[…] describes how large incumbent companies lose market share by listening to their customers and providing what appears to be the highest-value products, but new companies that serve low-value customers with poorly developed technology can improve that technology incrementally until it is good enough to quickly and take market share from established business.


Clayton Christensen demonstrates how successful, outstanding companies can do everything “right” and still lose their market leadership – or even fail – as new, unexpected competitors rise and take over the market. There are two key parts to this dilemma.

  1. Value to innovation is an S-curve [S-curve]: Improving a product takes time and many iterations. The first of these iterations provide minimal value to the customer but in time the base is created and the value increases exponentially. Once the base is created then each iteration is dramatically better than the last. At some point the most valuable improvements are complete and the value per iteration is minimal again. So in the middle is the most value, at the beginning and end the value is minimal.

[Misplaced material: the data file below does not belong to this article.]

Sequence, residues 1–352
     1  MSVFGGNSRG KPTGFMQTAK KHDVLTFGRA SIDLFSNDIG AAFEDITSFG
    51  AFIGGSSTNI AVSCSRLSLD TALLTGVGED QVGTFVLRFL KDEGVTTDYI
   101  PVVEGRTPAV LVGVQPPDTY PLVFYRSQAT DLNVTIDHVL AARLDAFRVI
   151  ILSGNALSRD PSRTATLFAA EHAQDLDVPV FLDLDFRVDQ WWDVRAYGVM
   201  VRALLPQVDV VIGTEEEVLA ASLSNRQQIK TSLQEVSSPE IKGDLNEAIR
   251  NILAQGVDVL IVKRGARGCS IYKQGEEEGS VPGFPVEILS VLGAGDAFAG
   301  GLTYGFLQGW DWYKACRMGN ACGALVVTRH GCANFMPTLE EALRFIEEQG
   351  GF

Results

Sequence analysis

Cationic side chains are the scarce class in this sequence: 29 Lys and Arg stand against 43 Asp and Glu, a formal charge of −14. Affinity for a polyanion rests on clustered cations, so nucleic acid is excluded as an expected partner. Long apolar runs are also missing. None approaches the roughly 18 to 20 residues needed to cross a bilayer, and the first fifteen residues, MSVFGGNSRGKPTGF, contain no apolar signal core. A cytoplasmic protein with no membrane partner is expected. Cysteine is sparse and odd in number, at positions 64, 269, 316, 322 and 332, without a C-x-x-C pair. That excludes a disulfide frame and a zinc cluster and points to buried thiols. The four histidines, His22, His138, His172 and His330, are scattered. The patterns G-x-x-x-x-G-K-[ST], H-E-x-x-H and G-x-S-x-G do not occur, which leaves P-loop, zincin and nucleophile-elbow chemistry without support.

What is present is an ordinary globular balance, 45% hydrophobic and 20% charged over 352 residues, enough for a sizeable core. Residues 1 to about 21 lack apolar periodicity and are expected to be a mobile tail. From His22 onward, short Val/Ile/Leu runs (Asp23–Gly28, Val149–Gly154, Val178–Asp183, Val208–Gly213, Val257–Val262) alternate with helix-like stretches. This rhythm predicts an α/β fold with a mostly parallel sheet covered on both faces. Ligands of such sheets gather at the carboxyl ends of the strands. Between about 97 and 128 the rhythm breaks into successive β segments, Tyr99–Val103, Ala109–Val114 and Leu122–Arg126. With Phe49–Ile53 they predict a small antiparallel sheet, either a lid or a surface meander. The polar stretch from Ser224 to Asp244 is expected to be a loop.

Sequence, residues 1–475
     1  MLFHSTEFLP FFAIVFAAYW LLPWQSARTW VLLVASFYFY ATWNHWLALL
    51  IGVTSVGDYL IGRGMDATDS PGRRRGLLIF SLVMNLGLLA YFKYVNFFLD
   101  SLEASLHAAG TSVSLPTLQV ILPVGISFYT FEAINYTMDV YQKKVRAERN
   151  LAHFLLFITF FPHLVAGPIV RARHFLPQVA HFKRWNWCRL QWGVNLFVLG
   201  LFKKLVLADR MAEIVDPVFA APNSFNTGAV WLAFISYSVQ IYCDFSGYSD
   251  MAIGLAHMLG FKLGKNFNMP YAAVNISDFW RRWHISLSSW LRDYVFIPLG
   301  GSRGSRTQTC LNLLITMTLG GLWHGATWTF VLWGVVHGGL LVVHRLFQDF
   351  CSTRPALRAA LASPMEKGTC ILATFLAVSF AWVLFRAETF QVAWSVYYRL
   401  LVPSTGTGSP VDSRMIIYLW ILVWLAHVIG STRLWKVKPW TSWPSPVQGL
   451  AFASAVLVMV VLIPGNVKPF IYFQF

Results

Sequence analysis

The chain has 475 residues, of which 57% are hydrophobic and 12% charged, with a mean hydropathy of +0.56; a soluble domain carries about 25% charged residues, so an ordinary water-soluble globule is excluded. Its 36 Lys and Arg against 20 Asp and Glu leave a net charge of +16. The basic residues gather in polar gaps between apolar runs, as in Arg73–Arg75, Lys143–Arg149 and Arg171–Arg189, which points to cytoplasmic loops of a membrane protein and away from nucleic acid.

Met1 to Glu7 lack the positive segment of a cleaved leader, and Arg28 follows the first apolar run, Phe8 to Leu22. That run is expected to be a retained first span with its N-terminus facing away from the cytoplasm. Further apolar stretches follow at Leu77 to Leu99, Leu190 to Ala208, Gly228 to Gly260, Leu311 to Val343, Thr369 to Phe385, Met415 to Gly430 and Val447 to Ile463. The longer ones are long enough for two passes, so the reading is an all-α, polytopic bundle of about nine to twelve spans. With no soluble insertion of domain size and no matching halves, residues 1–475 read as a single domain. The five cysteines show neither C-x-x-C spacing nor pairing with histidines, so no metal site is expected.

2. Incumbent sized deals: The incumbent has the luxury of a huge customer set but high expectations of yearly sales. New entry next generation products find niches away from the incumbent customer set to build the new product. The new entry companies do not require the yearly sales of the incumbent and thus have more time to focus and innovate on this smaller venture.

(“The Innovator’s Dilemma” 2022)


“The Innovator’s Dilemma.” 2022. Wikipedia, February. https://en.wikipedia.org/w/index.php?title=The_Innovator%27s_Dilemma&oldid=1073785387.